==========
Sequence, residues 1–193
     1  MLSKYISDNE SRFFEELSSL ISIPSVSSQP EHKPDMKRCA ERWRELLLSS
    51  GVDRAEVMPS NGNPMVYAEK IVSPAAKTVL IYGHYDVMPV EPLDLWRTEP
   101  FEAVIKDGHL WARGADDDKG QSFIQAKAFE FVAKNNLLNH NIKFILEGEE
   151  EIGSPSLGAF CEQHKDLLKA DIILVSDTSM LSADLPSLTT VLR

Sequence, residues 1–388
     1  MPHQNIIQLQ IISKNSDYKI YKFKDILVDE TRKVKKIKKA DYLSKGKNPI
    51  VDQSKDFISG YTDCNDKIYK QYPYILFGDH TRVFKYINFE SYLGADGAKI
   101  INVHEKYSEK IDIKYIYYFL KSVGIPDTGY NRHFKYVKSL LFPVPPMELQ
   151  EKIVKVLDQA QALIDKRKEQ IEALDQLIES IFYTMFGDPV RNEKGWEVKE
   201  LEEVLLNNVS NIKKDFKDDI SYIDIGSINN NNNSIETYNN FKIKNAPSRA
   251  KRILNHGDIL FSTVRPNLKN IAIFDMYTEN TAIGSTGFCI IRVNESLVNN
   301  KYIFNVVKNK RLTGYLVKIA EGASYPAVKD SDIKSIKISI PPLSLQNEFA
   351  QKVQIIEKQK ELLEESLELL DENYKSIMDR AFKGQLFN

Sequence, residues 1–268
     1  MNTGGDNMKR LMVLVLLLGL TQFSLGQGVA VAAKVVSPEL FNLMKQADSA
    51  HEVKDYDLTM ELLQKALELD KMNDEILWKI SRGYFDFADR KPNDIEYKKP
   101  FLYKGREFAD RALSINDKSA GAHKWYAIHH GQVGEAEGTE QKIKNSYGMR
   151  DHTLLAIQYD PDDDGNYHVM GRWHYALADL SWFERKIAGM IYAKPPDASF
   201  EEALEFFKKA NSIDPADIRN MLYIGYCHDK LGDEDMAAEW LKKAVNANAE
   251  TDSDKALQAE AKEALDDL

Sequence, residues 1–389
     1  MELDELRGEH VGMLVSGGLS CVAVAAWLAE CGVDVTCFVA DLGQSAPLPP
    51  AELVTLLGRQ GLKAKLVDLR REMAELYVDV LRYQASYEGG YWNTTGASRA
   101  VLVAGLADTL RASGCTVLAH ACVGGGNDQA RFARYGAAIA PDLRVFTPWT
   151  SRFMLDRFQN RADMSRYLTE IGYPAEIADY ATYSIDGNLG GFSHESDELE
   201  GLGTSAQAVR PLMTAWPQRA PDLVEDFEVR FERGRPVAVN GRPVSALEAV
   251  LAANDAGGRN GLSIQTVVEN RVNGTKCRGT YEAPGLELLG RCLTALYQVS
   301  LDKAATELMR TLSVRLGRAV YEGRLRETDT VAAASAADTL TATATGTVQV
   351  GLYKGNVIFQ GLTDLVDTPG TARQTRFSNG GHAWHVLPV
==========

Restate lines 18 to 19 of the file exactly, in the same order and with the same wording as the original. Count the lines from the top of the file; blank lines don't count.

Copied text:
   101  FLYKGREFAD RALSINDKSA GAHKWYAIHH GQVGEAEGTE QKIKNSYGMR
   151  DHTLLAIQYD PDDDGNYHVM GRWHYALADL SWFERKIAGM IYAKPPDASF